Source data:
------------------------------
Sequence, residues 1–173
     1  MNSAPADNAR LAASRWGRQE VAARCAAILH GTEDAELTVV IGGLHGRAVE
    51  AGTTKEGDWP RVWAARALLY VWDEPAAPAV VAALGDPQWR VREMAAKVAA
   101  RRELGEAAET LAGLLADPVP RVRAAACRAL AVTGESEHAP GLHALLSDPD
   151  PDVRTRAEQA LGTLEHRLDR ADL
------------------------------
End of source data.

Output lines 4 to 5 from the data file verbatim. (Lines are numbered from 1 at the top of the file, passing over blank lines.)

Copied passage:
   101  RRELGEAAET LAGLLADPVP RVRAAACRAL AVTGESEHAP GLHALLSDPD
   151  PDVRTRAEQA LGTLEHRLDR ADL